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Malaria, a political disease

April 7, 2021 - 16:51 -- Ingeborg van Schayk

Yesterday I was reading a very interesting Forum Interview from 1998 with Dr Mohyeddin A. Farid about malaria eradication, titled "The malaria campaign - why not eradication?"  where malaria is discussed as a political disease. Dr Farid worked for the World Health Organization from 1949 until his retirement in 1972. Because malaria is intertwined with socioeconomic development he discussed malaria as a political disease and stated that "It is an explosive disease, not a silent one. When epidemics cause too much suffering, the people revolt and can bring about governmental changes...".

But malaria is also a political disease because elimination will do the government of a malaria-free country a lot of good. However, governments need to be careful not to cheer too early and stop or reduce the funding of malaria programs when a country has reached near malaria elimination. We know what will happen next. Malaria will bounce back harder than before. We cannot stop what we have started before we reach zero.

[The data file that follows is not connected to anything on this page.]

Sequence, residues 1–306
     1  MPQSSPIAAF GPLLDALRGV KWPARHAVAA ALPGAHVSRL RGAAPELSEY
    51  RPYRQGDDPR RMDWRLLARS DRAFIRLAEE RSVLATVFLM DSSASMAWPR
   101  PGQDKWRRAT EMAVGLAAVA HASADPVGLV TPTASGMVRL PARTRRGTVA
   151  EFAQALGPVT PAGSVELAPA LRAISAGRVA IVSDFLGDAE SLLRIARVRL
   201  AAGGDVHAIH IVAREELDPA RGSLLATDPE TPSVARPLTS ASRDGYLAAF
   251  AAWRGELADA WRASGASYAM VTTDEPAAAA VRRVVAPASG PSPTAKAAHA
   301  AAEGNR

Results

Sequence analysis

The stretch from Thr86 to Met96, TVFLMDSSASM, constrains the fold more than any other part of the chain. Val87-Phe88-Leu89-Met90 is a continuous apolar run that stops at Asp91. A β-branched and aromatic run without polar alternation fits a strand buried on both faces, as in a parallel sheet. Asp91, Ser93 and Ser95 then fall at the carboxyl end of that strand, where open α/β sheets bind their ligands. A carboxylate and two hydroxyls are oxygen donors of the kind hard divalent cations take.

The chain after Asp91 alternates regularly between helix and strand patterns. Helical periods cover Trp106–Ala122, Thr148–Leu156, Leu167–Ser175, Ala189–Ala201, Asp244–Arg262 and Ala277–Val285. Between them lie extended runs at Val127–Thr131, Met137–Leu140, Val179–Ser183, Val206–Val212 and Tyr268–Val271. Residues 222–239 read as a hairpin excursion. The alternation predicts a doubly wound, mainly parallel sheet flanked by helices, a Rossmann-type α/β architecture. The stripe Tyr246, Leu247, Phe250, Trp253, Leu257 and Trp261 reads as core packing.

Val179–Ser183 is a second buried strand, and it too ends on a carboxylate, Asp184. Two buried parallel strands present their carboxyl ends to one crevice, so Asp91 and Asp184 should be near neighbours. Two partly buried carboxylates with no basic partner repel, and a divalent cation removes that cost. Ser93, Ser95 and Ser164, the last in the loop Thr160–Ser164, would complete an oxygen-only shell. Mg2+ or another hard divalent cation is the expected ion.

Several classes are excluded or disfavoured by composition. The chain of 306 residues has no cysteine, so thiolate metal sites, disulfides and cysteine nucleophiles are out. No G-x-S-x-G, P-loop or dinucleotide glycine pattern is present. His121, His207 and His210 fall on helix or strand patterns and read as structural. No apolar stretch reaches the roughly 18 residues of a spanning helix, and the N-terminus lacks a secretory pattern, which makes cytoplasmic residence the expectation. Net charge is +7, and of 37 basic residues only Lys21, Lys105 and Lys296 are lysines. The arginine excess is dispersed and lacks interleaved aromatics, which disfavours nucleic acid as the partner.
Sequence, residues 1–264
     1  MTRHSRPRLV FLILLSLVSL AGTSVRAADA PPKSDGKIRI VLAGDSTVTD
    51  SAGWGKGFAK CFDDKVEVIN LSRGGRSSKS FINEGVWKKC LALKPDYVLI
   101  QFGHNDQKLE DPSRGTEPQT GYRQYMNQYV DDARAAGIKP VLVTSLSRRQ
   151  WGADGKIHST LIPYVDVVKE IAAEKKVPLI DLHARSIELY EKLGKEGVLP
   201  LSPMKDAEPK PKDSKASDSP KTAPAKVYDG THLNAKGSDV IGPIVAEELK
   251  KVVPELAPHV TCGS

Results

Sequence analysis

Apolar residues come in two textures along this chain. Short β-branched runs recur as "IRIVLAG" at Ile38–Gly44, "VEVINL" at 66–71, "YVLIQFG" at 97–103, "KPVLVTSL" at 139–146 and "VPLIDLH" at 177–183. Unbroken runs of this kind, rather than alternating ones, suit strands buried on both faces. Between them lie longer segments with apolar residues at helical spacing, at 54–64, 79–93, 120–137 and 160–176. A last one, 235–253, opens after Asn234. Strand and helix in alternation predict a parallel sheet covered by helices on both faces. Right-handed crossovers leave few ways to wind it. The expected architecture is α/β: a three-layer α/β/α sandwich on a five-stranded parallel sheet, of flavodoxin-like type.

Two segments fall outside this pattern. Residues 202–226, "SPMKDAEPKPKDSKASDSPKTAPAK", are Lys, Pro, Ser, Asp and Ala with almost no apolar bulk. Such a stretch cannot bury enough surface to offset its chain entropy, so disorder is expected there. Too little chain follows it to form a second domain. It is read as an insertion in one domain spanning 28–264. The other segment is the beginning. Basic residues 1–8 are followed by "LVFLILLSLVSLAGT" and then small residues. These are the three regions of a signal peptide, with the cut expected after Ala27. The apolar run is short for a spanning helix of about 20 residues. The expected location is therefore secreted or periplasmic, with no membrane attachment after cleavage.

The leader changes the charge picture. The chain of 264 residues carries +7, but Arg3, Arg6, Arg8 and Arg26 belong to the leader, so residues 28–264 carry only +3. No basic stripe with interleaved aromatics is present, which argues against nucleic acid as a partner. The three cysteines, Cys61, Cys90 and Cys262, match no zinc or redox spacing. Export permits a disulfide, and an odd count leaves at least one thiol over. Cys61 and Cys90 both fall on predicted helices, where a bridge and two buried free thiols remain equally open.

And that makes me realise that indeed diseases are political. We see that COVID-19 causes a lot of suffering. It is not just the people but also governments that revolt and cut their malaria funding budgets so drastically that it will hit the road to malaria eradication very hard. It is a game of money and power. We should focus on the eradication of malaria, and not on the eradication of malaria programs. So much for politics.

Let me know what you think!

Further reading:
World Forum, 1998. Forum Interview - The malaria campaign - why not eradication?
 

Comments

Submitted by Miles Markus on

Governments aside, I'm wondering to what extent "politics" within the world of malariologists also affects funding for malaria programs in whatever parts of the globe. Just asking.

A few years ago, someone in the USA commented to me, after failing several times to secure grants, that she thought that perhaps too much in the way of "politics" was going on in the malaria field (cf. grant application reviewers).

Could this be part of the problem?

Submitted by Anonymized User (not verified) on

With reference to the previous comment, it is tempting to interpret the recent US$30 million PATH-associated funding involving only Western institutions as an example of malarial politics in action.